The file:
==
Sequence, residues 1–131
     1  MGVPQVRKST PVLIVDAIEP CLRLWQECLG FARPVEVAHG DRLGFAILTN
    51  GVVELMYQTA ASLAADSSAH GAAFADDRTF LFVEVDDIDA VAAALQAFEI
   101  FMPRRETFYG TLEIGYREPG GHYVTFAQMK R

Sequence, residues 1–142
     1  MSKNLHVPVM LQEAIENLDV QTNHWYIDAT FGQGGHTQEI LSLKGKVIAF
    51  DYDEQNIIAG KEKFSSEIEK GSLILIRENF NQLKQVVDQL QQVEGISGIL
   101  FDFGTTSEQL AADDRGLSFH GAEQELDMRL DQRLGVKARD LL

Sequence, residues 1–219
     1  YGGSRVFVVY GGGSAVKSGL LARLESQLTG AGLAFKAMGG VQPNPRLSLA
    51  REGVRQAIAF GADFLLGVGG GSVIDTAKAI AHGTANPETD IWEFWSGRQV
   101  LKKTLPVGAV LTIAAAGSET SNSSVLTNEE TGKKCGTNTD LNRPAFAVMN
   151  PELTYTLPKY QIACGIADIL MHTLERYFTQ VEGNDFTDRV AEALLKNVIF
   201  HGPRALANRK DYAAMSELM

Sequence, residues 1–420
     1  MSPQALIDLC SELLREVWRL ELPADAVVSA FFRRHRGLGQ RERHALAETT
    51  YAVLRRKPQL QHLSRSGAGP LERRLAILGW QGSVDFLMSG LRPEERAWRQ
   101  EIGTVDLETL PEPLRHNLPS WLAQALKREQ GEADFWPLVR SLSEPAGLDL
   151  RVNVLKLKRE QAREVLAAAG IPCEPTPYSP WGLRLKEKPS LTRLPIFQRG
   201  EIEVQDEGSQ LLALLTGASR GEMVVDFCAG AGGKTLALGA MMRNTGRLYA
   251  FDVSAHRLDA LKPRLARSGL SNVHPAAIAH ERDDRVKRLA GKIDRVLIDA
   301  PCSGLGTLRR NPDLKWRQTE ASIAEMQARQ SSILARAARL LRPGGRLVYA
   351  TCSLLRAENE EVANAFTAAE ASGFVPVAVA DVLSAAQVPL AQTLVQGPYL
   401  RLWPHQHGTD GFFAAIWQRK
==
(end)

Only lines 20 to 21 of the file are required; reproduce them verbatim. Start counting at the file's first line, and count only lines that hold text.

   201  EIEVQDEGSQ LLALLTGASR GEMVVDFCAG AGGKTLALGA MMRNTGRLYA
   251  FDVSAHRLDA LKPRLARSGL SNVHPAAIAH ERDDRVKRLA GKIDRVLIDA